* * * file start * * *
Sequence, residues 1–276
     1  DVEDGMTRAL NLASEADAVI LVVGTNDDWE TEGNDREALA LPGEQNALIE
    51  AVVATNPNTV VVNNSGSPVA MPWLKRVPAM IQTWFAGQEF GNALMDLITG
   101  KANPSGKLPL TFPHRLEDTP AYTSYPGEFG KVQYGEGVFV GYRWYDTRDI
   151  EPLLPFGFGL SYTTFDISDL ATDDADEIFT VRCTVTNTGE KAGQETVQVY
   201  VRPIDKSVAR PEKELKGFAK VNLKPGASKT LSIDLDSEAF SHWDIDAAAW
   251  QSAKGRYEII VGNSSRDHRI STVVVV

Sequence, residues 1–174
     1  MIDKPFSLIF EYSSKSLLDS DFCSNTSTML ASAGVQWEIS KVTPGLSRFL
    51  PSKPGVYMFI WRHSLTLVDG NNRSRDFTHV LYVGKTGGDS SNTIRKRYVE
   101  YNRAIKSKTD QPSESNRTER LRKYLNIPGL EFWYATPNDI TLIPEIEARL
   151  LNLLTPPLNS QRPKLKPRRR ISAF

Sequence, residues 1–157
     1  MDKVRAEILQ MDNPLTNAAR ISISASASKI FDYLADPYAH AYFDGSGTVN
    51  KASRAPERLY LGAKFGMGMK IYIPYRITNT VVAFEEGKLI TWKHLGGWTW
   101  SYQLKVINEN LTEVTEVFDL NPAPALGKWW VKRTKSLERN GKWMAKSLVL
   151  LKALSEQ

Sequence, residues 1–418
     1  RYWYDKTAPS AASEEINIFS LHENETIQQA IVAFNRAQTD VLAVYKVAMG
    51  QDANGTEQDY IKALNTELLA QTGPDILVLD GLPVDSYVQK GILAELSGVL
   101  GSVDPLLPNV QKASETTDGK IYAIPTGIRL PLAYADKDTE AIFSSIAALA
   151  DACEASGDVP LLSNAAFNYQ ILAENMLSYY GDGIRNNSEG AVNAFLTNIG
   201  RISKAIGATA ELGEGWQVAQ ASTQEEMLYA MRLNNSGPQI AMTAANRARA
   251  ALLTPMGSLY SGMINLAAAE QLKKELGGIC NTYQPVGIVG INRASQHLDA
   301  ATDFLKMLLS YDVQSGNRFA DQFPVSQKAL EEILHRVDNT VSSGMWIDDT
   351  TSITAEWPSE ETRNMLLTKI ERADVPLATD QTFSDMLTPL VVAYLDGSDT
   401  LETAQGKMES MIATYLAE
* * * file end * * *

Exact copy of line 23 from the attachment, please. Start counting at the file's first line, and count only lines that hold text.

   201  RISKAIGATA ELGEGWQVAQ ASTQEEMLYA MRLNNSGPQI AMTAANRARA